Imageomics Institute will advance computational methods for studying Earth’s biodiversity
RENCI has been named as a partner on an ambitious new effort to use images of living organisms as the basis for understanding biological processes of life on Earth. The project, to be led by faculty from The Ohio State University’s Translational Data Analytics Institute, has been awarded a $15 million grant from the National Science Foundation as part of NSF’s Harnessing the Data Revolution initiative.
The new entity, which will be called the Imageomics Institute, aims to establish imageomics as a new field of study that has the potential to transform biomedical, agricultural and basic biological sciences. Similar to genomics before it, which applied computation to the study of the human genome, imageomics will leverage computer science to help scientists extract meaning from an otherwise unwieldy amount of natural image data.
“There are many more species out there than scientists have been able to study in-depth,” said Jim Balhoff, a Senior Research Scientist at RENCI who will lead the RENCI component of the project. “If we can leverage machine learning to interpret images of living organisms, that would provide a scalable way to process large amounts of information about species, complementing the work of trained wildlife biologists.”
The Institute’s scientists will apply machine learning techniques to large collections of digital images from museums, labs and other institutions, as well as photos taken by scientists in the field, camera traps, drones and even members of the public who have uploaded their images to platforms such as eBird, iNaturalist and Wildbook. By training algorithms to extract biologically meaningful information from these images, researchers aim to generate new knowledge about organisms and species, including insights about how they evolve and interact within ecosystems.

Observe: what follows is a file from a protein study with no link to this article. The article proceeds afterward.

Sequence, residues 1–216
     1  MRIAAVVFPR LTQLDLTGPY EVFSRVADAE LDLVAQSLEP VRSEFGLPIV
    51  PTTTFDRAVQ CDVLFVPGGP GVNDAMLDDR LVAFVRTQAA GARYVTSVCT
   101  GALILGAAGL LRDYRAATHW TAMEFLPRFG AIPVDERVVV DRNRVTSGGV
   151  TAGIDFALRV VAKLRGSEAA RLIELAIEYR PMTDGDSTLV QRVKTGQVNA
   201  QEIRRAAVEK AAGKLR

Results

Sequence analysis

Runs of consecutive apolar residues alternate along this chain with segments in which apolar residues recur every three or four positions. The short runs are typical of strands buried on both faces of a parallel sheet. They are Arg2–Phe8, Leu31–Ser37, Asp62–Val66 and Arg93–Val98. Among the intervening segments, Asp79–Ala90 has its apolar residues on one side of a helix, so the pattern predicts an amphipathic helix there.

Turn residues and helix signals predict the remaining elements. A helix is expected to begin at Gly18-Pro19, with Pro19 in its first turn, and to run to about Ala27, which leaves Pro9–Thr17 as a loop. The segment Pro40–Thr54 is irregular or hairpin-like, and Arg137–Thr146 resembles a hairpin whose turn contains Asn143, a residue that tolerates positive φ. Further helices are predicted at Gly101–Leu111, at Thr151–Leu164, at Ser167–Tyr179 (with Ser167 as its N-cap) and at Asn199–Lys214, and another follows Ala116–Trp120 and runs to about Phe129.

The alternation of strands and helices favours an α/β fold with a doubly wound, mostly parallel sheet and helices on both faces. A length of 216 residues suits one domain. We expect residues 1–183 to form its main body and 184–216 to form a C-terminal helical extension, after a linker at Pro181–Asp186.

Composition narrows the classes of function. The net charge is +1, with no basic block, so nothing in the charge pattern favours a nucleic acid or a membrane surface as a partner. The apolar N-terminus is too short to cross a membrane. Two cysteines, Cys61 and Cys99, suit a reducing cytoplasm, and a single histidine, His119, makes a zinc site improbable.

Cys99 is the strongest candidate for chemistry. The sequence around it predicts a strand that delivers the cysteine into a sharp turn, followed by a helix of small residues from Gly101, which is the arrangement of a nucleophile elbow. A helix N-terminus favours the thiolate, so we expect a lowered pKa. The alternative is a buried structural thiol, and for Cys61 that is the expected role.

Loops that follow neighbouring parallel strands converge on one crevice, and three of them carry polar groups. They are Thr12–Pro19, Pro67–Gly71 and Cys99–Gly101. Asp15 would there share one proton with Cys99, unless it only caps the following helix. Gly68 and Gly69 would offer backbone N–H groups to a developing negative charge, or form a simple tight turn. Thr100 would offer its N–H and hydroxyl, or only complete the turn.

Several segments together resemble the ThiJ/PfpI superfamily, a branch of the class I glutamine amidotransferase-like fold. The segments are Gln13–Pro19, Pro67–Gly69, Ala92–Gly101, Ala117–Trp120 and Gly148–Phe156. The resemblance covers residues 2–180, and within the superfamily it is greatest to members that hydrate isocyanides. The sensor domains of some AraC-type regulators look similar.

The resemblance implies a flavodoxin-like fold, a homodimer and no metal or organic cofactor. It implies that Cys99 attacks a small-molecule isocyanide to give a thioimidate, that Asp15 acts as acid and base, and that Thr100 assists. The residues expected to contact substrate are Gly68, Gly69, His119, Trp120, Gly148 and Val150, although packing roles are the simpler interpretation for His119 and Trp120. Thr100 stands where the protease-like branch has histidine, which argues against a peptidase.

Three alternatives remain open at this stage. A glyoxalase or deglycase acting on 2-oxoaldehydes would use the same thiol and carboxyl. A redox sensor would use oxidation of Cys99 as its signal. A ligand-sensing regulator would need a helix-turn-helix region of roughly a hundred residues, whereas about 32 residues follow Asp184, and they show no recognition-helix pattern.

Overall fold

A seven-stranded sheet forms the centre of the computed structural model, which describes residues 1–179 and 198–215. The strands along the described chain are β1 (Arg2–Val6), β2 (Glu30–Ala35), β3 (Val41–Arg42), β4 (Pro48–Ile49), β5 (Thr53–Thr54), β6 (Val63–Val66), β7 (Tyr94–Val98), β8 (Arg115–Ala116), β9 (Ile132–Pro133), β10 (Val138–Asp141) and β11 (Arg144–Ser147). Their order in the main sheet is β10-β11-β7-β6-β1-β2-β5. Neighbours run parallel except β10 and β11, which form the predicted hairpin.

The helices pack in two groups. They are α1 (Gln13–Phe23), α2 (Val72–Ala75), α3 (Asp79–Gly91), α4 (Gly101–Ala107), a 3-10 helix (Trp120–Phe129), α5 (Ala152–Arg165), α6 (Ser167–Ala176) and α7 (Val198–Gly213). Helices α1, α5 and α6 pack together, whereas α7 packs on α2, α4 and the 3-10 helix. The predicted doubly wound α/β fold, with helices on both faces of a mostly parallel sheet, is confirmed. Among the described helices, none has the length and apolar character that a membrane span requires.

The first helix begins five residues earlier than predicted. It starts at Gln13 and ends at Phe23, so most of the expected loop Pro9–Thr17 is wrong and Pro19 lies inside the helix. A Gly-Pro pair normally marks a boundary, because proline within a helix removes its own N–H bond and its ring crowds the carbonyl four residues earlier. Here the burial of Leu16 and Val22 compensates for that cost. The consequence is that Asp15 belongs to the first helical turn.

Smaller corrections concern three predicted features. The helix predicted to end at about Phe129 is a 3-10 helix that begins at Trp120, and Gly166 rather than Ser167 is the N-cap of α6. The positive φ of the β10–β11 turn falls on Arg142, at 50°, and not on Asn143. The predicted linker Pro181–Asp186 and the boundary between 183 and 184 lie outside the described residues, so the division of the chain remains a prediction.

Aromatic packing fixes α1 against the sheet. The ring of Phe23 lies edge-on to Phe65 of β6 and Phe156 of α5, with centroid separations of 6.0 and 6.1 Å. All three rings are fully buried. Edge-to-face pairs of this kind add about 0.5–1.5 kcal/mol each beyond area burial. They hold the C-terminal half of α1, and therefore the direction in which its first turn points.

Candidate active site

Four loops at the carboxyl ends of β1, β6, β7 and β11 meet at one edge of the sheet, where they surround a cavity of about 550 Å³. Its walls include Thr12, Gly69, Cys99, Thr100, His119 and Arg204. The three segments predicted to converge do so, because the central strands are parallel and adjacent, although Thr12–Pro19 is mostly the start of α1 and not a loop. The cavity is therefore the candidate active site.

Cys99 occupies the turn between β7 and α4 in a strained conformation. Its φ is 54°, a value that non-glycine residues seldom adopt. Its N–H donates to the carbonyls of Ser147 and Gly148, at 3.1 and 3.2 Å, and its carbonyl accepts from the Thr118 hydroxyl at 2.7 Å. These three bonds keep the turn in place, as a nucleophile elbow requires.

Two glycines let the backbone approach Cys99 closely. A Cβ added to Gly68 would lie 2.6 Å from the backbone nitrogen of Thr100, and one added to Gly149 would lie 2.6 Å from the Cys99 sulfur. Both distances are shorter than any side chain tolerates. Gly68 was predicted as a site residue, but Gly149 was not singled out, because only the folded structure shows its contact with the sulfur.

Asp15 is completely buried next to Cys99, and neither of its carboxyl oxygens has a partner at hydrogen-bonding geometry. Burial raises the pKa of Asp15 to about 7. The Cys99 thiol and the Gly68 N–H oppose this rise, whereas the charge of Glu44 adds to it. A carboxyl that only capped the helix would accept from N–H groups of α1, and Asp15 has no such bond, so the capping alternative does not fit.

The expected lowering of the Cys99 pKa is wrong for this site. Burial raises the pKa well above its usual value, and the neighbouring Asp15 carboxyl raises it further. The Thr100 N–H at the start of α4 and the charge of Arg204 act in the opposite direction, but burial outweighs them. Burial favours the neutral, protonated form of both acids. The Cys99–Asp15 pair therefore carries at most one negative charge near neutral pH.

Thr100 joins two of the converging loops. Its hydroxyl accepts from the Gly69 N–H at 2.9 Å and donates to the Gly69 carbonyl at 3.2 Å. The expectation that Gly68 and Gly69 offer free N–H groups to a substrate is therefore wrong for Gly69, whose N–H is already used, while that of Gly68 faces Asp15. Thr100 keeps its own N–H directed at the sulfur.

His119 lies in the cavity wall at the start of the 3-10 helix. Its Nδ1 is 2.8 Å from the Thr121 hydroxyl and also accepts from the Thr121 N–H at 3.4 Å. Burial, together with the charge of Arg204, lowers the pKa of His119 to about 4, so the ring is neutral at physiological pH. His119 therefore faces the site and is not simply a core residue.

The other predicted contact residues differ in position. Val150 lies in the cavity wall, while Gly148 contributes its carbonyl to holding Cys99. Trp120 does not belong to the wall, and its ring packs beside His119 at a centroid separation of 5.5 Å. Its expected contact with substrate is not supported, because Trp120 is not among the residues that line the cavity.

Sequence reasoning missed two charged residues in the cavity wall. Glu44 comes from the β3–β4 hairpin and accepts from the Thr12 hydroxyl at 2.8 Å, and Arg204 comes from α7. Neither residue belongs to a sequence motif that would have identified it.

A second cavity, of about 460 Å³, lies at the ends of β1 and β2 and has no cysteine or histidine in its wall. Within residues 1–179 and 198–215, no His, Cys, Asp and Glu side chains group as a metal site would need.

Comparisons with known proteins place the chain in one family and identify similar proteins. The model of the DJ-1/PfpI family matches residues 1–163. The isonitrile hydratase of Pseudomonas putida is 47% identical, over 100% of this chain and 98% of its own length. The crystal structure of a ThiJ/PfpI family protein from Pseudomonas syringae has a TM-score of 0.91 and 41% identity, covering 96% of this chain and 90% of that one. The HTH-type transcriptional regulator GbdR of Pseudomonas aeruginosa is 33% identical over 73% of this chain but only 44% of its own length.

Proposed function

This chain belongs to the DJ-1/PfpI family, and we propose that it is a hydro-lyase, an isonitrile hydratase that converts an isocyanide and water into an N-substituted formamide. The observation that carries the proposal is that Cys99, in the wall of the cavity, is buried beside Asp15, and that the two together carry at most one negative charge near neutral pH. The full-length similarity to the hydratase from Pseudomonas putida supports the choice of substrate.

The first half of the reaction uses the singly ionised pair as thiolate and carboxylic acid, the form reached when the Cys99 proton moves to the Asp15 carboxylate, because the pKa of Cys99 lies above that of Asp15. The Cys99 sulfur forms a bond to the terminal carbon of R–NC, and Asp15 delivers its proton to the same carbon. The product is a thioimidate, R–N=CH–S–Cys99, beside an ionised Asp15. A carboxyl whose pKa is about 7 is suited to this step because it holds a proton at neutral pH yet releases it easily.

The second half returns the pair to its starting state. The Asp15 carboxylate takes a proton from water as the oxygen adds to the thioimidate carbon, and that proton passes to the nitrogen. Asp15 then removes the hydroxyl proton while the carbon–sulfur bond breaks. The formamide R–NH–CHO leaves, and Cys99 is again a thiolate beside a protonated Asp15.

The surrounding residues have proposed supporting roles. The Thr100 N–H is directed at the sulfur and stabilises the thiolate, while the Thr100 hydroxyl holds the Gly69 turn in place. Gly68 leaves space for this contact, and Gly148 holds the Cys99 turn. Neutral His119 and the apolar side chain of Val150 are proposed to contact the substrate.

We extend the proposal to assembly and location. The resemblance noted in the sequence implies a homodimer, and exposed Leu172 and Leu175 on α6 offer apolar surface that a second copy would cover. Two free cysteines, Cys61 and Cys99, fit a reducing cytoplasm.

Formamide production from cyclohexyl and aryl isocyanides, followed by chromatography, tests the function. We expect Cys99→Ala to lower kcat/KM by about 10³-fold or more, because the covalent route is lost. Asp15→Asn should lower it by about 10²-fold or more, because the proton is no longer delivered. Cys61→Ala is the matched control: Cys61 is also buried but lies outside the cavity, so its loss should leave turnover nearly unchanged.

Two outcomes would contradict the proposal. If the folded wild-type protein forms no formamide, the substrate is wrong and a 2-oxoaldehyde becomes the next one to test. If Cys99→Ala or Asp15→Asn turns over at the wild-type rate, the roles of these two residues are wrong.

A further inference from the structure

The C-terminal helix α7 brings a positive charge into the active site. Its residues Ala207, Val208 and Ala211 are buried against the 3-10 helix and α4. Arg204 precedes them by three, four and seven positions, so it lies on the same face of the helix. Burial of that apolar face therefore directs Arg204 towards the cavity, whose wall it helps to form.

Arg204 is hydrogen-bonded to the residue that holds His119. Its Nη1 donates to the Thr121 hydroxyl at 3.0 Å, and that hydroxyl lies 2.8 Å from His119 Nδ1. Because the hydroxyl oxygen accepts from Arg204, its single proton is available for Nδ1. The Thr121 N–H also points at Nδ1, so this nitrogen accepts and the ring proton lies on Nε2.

Critical to this effort is the ability to categorize features of living organisms with standardized, vocabularies, known as a bio-ontologies, that can be “understood” by computers. Having served as a key contributor on the Phenoscape team for several previous NSF-funded projects, Balhoff is steeped in the art of encoding biological information in computable ways.
“There’s a lot of work going on with machine learning, and one of the key pieces of this project is to develop ways to incorporate ontology-based knowledge into machine learning processes,” said Balhoff. “We’re providing expertise in bio-ontologies to incorporate what we know about anatomical relationships into this image analysis system.”
This approach could ultimately enable a computer to identify key features in an image, such as an eye, mouth or dorsal fin, and then use automated reasoning to check that the interpretation makes anatomical sense. Repeating this process for large collections of images can give scientists a powerful platform for investigating new or previously understudied species or help them better understand the relationships between organisms.
As an inaugural institute for data-intensive discovery in science and engineering within NSF’s Harnessing the Data Revolution initiative, the Imageomics Institute will be part of a broader effort to form a national collaborative research network dedicated to computation-enabled discovery.
In addition to The Ohio State University and RENCI, the project will involve biologists and computer scientists from Tulane University, Virginia Tech, Duke University, and Rensselaer Polytechnic Institute; senior personnel from Ohio State, Virginia Tech and six additional institutions; and collaborators from more than 30 universities and organizations around the world.